Turks & Caicos Travel Tips
Keep in Mind...
- Dive safe Diving is a popular activity, but you should always receive proper training, check the weather conditions and find a diving partner before you go.
- Keep your cash handy Even though Turks and Caicos are considered a British overseas territory, the official currency is the U.S. dollar. Keep in mind that the smaller islands and cays only accept cash.
- Try the local cuisine Drool-worthy dishes like crispy conch fritters and steamed Caribbean lobster are best enjoyed at the local seafood spots.
Turks and Caicos has the perfect antidote for your hectic lifestyle; nearly abandoned, blinding-white sand fringed by shimmering azure water, colorful coral reefs, crispy conch fritters and a sleepy, light-hearted atmosphere. Even as recent years have generated more tourist activity, more chain restaurants and more commercially driven experiences, Turks and Caicos still holds tight to its reputation as exclusive and secluded. And regular vacationers to these skinny strips of white sand will tell you that they wouldn't have it any other way.
This network of 40 islands and cays has three dominant personalities: There's glamorous Providenciales, or "Provo," which acts as the main port for the cruise-ship crowd and site of the most accommodations. Laid-back Grand Turk is the historic and cultural nucleus, best seen in the Turks & Caicos National Museum or along the shores of Cockburn Town, where Christopher Columbus first docked in the Western Hemisphere. Tiny, flat Salt Cay plays host to the best dives: From here, you can explore one of the largest reef systems in the world.
How To Save Money in Turks & Caicos
- Pack an umbrella Hotels and airlines slice their prices by up to 40 percent from June to November, during the islands' rainy season.
- Stay on a Turks island The inns and guesthouses there are generally more budget friendly than the boutique resorts on Caicos, Pine and Parrot cays.
- Book early If you do want to visit during the peak season, booking a year in advance can mean substantial savings on your hotel bill.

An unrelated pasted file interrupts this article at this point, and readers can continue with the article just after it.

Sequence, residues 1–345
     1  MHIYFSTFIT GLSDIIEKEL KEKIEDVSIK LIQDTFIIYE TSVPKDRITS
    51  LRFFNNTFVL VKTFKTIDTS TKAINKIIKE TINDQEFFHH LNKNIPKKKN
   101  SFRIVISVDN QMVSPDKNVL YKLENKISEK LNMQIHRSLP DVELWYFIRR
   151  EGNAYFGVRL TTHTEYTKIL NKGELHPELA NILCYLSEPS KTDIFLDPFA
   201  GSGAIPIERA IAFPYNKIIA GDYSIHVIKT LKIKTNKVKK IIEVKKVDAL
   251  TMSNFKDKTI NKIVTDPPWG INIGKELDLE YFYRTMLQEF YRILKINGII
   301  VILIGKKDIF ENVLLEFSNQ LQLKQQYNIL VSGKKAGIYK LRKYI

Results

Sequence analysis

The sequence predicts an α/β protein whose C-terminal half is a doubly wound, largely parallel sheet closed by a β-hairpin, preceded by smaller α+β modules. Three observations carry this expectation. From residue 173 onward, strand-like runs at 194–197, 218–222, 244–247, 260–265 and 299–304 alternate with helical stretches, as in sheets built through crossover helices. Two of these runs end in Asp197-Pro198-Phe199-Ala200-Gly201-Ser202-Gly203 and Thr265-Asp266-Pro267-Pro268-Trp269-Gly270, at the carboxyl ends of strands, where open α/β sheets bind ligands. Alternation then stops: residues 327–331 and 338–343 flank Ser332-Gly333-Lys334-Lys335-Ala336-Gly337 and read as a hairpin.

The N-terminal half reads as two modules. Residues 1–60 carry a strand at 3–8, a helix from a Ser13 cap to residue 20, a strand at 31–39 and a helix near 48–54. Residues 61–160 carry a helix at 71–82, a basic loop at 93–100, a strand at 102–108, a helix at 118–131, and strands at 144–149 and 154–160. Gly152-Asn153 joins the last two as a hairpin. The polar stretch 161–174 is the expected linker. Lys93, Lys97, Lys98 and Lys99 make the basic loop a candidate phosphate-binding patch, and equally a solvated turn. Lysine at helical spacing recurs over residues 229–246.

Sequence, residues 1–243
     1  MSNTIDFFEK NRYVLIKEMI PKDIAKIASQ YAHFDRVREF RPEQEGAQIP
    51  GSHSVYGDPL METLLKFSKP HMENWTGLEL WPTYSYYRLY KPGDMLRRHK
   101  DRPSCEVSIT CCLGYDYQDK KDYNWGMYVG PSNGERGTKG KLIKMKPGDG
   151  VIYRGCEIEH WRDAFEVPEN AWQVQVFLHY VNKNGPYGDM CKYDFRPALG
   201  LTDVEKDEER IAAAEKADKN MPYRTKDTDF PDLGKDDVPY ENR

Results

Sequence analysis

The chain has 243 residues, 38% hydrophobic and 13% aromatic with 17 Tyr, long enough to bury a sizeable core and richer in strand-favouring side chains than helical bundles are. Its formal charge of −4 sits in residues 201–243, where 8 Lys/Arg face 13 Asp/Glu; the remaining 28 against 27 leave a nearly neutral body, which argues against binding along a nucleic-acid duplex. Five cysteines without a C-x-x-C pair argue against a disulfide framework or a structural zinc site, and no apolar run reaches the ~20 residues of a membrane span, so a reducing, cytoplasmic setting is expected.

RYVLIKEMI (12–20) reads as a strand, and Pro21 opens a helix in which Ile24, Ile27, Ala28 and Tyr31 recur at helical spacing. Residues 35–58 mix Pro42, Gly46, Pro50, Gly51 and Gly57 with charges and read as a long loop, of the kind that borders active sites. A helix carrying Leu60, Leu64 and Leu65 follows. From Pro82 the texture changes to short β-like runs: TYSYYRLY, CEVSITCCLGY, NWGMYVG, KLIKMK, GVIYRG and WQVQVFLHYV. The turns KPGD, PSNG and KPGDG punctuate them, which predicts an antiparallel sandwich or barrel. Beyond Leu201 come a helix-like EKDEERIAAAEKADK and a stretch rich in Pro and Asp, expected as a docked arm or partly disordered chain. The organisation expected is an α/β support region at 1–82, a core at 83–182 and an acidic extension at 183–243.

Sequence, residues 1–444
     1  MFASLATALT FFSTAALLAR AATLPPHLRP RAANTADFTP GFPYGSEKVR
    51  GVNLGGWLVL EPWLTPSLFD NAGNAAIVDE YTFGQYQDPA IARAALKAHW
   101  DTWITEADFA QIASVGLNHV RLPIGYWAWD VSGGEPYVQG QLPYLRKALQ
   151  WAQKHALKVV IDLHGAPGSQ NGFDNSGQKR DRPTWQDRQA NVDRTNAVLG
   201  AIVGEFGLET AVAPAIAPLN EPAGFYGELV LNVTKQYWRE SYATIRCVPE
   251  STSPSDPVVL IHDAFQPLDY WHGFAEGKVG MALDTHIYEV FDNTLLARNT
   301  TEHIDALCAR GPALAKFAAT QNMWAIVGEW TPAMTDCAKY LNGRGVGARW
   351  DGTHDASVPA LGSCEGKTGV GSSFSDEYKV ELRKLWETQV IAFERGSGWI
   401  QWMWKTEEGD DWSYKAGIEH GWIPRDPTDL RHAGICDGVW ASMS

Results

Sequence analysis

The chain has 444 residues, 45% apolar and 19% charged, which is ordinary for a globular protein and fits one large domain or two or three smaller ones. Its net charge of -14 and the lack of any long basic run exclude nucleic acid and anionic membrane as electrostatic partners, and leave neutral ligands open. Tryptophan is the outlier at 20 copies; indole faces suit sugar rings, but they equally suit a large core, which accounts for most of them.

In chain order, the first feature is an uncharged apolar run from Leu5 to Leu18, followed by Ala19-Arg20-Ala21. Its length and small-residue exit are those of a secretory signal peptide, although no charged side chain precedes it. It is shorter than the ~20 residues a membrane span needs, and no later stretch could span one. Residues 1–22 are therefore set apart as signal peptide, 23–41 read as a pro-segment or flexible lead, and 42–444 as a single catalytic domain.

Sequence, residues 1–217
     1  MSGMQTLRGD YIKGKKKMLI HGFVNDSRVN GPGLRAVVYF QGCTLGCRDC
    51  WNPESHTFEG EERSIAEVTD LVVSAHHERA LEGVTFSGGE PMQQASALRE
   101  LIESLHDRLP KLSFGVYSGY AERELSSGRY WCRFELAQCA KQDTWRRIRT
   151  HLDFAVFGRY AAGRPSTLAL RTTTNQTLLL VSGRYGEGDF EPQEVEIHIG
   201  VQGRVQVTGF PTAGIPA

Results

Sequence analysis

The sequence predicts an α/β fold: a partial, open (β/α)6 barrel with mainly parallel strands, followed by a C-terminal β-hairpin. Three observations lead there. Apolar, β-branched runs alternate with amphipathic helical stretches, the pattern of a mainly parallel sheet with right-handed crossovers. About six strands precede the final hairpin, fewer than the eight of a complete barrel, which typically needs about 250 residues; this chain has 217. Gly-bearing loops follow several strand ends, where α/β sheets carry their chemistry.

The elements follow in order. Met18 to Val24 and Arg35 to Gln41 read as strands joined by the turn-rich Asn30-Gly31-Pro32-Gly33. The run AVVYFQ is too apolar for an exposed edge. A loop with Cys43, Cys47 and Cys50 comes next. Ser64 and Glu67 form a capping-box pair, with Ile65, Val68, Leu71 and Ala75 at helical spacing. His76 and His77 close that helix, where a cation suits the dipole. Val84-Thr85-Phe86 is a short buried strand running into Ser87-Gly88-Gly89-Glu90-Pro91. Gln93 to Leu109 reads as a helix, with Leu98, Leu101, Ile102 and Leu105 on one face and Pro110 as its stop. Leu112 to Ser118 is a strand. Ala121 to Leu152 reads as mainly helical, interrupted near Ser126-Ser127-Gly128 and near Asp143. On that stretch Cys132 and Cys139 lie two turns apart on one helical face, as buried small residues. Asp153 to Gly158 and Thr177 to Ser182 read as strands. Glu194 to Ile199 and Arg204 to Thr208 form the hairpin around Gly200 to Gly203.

Turks & Caicos Culture & Customs
Residents of the Turks and Caicos frequently refer to themselves as "Belongers," but ex-pats and visitors are always welcome -- especially as English is the official language and the U.S. dollar is the official currency. Service charges are usually 15 percent, but you should clarify with your hotel whether it's already been added.
Beachwear is generally only accepted on the shore, and even then, you'll notice many residents wearing shorts over their swimwear. Wearing your swimsuit (and even flip-flops) away from the beach and pool area will mark you as a tourist.
Turks & Caicos Dining
Because the islands' restaurants rely heavily on imported food products, dining in Turks and Caicos can be expensive, especially since there is a 10-percent government tax on all restaurant bills. If you want to eat cheaply, go for the seafood; the islands are home to the only conch farm in the world, so don't miss your chance to sample this shellfish in all its glory. Regional favorites include crispy conch fritters and creamy conch chowder.
Providenciales has the most recommended eateries of Turks and Caicos. Try mom-and-pop establishments like Tiki Hut for outstanding seafood at reasonable prices. Providenciales also boasts international restaurants serving everything from Asian to Mexican cuisines.